Of the varieties you mentioned, I would choose the Bearss lime and the pink lemon. I have read somewhere that since your interstock (a Meyer lemon) is a sour citrus, they probably used a rootstock that's best for sour citrus. In which case, you don't really know if it would affect a sweet variety, like a satsuma mandarin. I'm testing out this theory myself since I didn't know about it before I did my grafts.

Please keep us posted on your grafts!

surftrunks

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Re: Multigrafting question
« Reply #6 on: May 14, 2020, 11:28:25 AM »
Thanks so much for the reply. Now I'm thinking of possibly removing the support stake and doing a T-bud graft or bud graft on the side of the tree that has no branches.

1. Does this tree need its current support stake? It gets alittle windy where it is but not that windy.
2.  What type of graft would have a better chance of success? cleft graft on a current branch coming from the trunk? or directly placing a bud graft or T-bud on the trunk on the other side of the current branches?.
3. If I try a bud graft or T-bud graft. How many grafts should I place and how far up along the tree should I place it?
4. Does the main trunk of the tree get damaged if a bud graft fails? (I know if a cleft graft fails you can just cut off the branch, but what if the bud graft on the main trunk fails?)

Thanks so much for everyones expertise. I am trying this for the first time and what to make sure its done right without doing any damage.

stephen

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Re: Multigrafting question
« Reply #7 on: May 14, 2020, 11:51:12 AM »
Thanks so much for the reply. Now I'm thinking of possibly removing the support stake and doing a T-bud graft or bud graft on the side of the tree that has no branches.

1. Does this tree need its current support stake? It gets alittle windy where it is but not that windy.
2.  What type of graft would have a better chance of success? cleft graft on a current branch coming from the trunk? or directly placing a bud graft or T-bud on the trunk on the other side of the current branches?.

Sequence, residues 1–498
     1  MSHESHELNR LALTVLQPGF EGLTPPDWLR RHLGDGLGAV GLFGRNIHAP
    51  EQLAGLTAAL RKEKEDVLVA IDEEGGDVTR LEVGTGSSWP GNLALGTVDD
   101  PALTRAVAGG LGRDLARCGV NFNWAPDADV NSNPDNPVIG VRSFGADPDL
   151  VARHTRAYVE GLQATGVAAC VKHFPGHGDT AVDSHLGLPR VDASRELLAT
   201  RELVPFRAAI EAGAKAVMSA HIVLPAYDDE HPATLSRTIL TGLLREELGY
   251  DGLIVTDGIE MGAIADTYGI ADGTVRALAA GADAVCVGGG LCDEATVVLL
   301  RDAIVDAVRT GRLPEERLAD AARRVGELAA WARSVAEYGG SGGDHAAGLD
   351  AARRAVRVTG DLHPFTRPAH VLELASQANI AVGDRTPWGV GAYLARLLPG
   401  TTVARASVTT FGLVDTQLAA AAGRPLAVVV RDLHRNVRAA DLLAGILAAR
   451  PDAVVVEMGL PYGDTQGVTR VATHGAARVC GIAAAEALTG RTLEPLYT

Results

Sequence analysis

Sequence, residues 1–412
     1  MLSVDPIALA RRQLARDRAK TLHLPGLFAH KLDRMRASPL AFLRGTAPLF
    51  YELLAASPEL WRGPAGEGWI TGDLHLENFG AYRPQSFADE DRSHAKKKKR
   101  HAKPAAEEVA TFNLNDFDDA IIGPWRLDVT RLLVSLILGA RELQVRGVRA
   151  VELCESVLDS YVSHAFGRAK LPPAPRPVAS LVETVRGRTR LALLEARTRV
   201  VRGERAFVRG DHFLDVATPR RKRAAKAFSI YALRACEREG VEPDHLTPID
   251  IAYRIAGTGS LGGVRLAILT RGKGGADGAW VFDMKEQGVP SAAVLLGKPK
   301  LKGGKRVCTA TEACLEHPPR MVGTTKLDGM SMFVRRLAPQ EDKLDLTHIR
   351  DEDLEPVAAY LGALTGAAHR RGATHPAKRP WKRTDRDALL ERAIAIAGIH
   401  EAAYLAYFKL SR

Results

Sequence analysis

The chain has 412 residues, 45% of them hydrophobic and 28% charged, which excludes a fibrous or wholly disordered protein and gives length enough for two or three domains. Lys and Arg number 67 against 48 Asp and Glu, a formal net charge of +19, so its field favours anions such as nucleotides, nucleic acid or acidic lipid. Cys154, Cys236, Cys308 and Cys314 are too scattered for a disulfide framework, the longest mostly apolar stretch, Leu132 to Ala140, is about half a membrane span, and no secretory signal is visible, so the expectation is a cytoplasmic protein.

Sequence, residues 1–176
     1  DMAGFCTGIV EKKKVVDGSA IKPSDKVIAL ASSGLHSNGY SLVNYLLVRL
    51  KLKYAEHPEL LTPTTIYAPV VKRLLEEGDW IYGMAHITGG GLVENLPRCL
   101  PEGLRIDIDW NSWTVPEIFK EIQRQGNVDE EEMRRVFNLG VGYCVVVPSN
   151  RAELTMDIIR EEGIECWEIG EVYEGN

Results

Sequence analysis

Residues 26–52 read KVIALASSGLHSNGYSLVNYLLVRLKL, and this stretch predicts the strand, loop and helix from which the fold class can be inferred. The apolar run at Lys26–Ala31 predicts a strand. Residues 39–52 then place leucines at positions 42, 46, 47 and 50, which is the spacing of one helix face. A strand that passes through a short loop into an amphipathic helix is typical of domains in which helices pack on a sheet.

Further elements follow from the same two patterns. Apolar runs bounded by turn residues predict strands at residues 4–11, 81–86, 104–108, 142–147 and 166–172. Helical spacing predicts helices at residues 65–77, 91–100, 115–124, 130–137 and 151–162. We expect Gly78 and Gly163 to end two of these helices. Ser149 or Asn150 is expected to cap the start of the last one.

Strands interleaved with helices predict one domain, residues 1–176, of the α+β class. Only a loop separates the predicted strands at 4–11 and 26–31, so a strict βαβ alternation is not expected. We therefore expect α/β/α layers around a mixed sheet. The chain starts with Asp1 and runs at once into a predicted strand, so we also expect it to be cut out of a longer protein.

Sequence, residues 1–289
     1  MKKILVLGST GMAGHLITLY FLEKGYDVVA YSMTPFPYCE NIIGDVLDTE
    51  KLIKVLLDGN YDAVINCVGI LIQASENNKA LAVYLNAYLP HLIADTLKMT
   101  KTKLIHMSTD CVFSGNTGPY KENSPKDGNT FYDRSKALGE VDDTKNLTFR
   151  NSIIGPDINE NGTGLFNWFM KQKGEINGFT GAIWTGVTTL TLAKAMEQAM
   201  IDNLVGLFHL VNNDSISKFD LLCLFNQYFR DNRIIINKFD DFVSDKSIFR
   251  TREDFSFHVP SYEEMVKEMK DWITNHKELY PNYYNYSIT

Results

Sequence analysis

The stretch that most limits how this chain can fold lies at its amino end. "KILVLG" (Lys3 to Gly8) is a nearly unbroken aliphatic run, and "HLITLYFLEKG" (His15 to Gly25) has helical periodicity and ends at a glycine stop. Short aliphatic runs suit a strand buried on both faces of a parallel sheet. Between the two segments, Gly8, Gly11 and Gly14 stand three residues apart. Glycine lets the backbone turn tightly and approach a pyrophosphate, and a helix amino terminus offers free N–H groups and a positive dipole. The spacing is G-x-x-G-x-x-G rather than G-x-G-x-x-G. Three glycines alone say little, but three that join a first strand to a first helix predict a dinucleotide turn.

3. If I try a bud graft or T-bud graft. How many grafts should I place and how far up along the tree should I place it?
4. Does the main trunk of the tree get damaged if a bud graft fails? (I know if a cleft graft fails you can just cut off the branch, but what if the bud graft on the main trunk fails?)

Thanks so much for everyones expertise. I am trying this for the first time and what to make sure its done right without doing any damage.


I usually remove support stakes as soon as I get the tree home. But if the trunk is weak, I put support stakes a little ways out to its left and/or right, and then use something like flagging tape (that has flexibility) to support it to the stake. That way the tree is still able to sway a little with the wind and get stronger over time.

Personally I've only done cleft and z grafts on citrus. I don't like risking marring the trunk in case bud grafts don't work. But I'm just overly cautious. :) Clefts are just so easy.

By the way, do you already have buddy tape? They're a bit pricey, but they make wrapping the budwood so easy, and they last quite a while.

surftrunks

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Re: Multigrafting question
« Reply #8 on: May 14, 2020, 12:37:35 PM »
Thanks. I will remove the stake and try some grafts this weekend. I might try one cleft graft and one or two bud grafts and see what takes. I have parafilm tape and vinyl tape.  I am ordering budwood from cccp. is there a max as to how many grafts I should try at a time?

stephen

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Re: Multigrafting question